Monday, May 24, 2010

Wake Up And Smell The Coffee


One old wives' tale told children not to swallow their gum, because it would take seven years to digest. It doesn't. Another warned, "Don't pluck a grey hair or two more will grow in its place." A hair follicle can't reproduce exponentially. Most in the middle ages believed you should not sail far from shore, because, since the world was flat, you would sail off the end of the earth. It's not flat. You can't sail off the end of the earth.

For the next few blogs, I'm going to write about some of the myths we live by. Mostly this will have to do with myths the church lives (and dies) by. I'll be writing to try to debunk the myths; hence the name, Wake Up And Smell The Coffee.

First myth, "Young adults go back to church when they have kids. The desire to have their children in church draws them back into fellowship." This is a myth. It is simply not true. The Starbucks generation is not returning to church. Only 17% of young adults say that having children has encouraged them to return to church.

Bottom line - if young adults are not connected to the church in a meaningful way by the time they graduate from High School, the chances that they will ever be back are about 1 in 10. What's the solution? Hundreds of theologians, pastors, and others are praying, studying, writing and thinking about this. Think about this, though.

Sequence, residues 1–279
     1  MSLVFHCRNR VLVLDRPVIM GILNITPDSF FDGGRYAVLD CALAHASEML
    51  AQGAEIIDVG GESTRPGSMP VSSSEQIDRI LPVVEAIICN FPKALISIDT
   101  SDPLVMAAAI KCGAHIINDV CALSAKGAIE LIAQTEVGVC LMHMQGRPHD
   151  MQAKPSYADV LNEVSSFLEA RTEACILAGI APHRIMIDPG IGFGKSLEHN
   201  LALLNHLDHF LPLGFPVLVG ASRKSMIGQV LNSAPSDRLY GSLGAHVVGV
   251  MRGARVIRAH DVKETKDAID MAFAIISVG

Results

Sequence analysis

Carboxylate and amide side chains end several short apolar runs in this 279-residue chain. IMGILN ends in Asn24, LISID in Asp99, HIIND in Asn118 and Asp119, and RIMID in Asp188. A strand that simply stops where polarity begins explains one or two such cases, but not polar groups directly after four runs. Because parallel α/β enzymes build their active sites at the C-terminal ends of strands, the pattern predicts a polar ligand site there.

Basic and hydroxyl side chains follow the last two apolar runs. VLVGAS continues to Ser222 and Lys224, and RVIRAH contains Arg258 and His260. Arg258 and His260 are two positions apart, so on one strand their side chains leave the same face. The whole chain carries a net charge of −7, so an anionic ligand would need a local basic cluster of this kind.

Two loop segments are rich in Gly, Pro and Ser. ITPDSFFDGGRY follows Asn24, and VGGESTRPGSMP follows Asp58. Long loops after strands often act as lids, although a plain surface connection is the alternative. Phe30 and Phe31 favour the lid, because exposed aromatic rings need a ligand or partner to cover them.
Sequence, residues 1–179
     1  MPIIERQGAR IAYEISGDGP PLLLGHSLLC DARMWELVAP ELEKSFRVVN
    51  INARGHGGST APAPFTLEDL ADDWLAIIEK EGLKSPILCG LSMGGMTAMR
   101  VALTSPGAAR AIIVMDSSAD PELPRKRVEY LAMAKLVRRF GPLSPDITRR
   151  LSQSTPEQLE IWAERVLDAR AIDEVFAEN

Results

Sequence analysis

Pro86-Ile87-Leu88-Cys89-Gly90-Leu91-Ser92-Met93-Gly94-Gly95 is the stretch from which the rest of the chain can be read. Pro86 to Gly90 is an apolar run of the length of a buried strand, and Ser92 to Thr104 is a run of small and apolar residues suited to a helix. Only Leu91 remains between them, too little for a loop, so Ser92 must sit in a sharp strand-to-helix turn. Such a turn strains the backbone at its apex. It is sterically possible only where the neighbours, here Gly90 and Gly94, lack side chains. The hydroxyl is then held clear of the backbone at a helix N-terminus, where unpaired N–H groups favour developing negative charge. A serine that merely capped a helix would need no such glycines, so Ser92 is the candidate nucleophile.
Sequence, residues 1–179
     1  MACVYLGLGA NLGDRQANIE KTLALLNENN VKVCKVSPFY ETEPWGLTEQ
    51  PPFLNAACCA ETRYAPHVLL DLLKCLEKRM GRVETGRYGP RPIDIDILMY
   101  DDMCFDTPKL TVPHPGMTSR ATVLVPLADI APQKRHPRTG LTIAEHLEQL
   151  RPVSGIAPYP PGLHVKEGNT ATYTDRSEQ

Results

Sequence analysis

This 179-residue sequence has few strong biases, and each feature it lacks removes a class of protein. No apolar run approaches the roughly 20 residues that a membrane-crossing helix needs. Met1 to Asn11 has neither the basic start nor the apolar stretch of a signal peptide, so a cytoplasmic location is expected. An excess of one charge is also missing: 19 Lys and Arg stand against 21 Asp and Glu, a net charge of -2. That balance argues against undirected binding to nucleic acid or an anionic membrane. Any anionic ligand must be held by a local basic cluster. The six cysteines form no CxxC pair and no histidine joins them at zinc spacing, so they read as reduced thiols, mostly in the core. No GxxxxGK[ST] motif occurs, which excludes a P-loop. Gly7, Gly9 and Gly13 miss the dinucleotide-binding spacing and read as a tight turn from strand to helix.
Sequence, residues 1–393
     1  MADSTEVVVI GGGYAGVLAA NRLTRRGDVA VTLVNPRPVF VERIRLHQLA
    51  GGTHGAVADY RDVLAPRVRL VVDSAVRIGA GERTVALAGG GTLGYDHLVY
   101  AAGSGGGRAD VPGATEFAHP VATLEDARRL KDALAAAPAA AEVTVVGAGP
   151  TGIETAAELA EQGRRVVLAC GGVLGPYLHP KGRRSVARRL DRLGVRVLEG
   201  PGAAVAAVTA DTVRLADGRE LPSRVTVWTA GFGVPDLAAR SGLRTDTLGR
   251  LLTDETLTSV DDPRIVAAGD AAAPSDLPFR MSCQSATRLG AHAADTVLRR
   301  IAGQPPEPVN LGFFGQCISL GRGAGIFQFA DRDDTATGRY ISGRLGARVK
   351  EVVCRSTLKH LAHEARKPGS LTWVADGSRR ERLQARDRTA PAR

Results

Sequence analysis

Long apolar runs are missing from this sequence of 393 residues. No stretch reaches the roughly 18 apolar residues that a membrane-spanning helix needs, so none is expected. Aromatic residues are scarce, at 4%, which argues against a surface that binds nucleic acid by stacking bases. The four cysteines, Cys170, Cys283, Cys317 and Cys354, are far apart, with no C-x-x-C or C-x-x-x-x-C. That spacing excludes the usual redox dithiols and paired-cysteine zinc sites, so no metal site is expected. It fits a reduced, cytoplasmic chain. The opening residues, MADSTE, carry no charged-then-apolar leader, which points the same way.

Most kids are not members of their church because they have chosen it. They are there because their parents have chosen it. Maybe we should spend time talking to Jr. High and High School kids about making their own commitment to Christ and their local church. We could take a two-fold approach.

First, do a better job of training our children to serve and build others rather than making all ministry about them. The best way the church can help this is by helping parents train their own children to be servants, leading by exmple, doing family mission trips, family work days at church and in the community.

Second, do a better job being attentive to the needs of families. While young parents may be far too busy with things that are of little eternal importance, they do still have to live, work, and raise their children in a world that is full of things that wear them out. Church should be a place that encourages and equips them, not a place that contributes to a culture of busyness that saps the soul and leads to the downfall of families.

Regardless, we better wake up and smell the coffee.

2 comments:

Randy said...

Did you say coffee! I think you hit the nail on the head when you say, "The best way the church can help this is by helping parents train their own children..."

SelahV said...

Cyle, you are spot-on with this post. One of my most fervent prayers is for my grandchildren to love the "Lord", to "grow" more in love with Him and to understand Who He is to them and how He wants to personally be involved in each of their lives. I so long for churches to reach out as you suggest here and manifest the character and purpose of our Lord.

Thanks for a great post. I look forward to more coffee with you. selahV